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Millions paid out without proper documentation, verification

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Millions paid out without proper documentation, verification

BY ALPHEA SAUNDERS
Senior staff reporter
saundersa@jamaicaobserver.com

Wednesday, December 02, 2020

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THE State paid out more than $138.242 million to 13,449 families under the Programme of Advancement through Health and Education (PATH) component of the COVID-19 Allocation of Resources for Employees (CARE) Programme in May, without final scores and verification dates.

Another 1,142 individuals did not submit the required documents for processing, but 516 of them were paid a total of $3.18 million.

This and other anomalies were uncovered by government auditors, according to a report by the Auditor General Pamela Monroe Ellis, which was tabled in the House of Representatives yesterday.

According to the findings, $1.36 million was disbursed to 255 individuals who were not eligible for the grants.

The auditor general said these and other anomalies occurred due to inefficient operation of the relevant controls over the Beneficiary Management Information System (BMIS), and the general controls over the beneficiary registration, verification and payment processes. The auditors said not only was there a high risk of irregular or erroneous COVID-19 PATH grant payments, but also PATH payments in general.

The report is the third and final in a series of reports on the results of the audit of the CARE Programme, and sought to determine if there was compliance with the eligibility, processing and disbursement guidelines pertaining to the Business Employee Support and Transfer of Cash (BEST Cash) and general grant.

The follow-up review of the COVID-19 PATH grant focused on the application controls over the BMIS and the general controls over the beneficiary registration, verification and payment processes to determine whether they were reliable.

The investigation found that the BMIS used to process PATH benefits “did not have effective controls to provide reasonable assurance that the information processed was reliable, that data was being processed as intended in keeping with the system’s design and business requirements, and that the information generated was accurate, complete and consistent and relates to only bona-fide PATH beneficiaries”.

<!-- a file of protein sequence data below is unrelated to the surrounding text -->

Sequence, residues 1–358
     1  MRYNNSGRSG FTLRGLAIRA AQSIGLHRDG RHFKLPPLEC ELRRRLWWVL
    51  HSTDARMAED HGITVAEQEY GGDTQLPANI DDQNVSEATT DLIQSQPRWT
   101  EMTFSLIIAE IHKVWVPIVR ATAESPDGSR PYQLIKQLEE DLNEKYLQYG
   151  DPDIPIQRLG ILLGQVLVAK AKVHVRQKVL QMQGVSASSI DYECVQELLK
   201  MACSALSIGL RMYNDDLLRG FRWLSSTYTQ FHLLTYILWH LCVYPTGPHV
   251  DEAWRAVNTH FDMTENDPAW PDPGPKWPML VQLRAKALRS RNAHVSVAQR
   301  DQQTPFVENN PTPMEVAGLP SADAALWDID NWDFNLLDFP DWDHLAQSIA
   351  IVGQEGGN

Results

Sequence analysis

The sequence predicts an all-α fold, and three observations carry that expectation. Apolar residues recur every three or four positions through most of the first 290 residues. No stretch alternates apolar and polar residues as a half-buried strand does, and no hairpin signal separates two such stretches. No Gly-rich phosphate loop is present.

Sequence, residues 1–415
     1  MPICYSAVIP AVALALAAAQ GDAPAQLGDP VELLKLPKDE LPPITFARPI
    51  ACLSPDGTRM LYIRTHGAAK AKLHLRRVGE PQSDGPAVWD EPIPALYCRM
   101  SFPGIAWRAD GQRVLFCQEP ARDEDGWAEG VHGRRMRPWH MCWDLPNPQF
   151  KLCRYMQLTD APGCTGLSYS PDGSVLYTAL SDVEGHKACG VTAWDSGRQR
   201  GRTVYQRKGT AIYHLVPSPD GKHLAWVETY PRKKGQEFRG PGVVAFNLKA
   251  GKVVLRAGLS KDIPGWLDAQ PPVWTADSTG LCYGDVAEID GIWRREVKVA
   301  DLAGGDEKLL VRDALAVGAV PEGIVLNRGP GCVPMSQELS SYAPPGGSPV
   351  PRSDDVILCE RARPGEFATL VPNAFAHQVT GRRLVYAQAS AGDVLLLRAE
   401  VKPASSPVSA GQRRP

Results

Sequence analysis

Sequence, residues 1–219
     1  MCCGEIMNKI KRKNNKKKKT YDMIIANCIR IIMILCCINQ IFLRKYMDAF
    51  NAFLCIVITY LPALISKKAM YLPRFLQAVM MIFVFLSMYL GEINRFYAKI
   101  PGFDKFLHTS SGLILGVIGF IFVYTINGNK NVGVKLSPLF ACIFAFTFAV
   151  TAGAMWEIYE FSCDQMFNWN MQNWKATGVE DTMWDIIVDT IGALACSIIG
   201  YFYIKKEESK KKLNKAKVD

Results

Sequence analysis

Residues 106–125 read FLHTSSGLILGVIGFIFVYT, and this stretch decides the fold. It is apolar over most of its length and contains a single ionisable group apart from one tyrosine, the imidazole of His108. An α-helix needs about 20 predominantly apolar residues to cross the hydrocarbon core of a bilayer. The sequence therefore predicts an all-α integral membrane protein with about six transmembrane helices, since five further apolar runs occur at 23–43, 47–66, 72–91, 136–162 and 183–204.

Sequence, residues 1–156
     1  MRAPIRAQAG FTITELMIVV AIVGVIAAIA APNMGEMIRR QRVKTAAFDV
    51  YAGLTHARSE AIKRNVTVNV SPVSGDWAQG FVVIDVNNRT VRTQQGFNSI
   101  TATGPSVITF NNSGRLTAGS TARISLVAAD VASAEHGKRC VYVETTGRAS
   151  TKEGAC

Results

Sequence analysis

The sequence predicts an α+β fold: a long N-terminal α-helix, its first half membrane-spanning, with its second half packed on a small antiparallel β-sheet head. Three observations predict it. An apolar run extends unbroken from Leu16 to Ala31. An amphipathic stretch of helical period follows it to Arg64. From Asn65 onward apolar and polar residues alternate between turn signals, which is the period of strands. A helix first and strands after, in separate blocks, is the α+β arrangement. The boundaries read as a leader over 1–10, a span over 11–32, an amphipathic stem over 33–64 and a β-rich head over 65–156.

Monroe Ellis said other discrepancies identified with the BMIS included inadequate controls to identify duplicate records in the enrolment of individuals on PATH, and inconsistencies between the family status and the family member status of beneficiaries in the system.

In addition, the auditors said in a follow-up review of 776 terminated individuals who, according to the Ministry of Labour and Social Security, were “inadvertently included in the May 2020 payment…due to a glitch in the BMIS”, despite requests, the ministry had not provided any evidence that the $5.413 million which it said had been withheld has in fact been written back.

The audit team said subsequent checks revealed that three of the 776 individuals were also included in the June 2020 payroll.

Additionally, the auditor general said the labour and social security ministry did not provide more than 59 per cent of beneficiaries’ files that were requested for review.

“We selected a sample of 409 beneficiaries’ files for review, however, only 167 files or 41 per cent of the files requested were submitted for review. The ministry indicated that the remaining 242 files, representing payments totalling $1,592,000, could not be located at the time of audit.

“Consequently, we were not able to determine whether all the beneficiaries from the sample satisfied the eligibility criteria under the programme,” the report stated.

And a review of the files received revealed that 66 did not include at least one of the documents required for the processing of PATH benefits, according to the report.

The total amount paid to these 66 individuals in May 2020 was $440,600, according to the findings.

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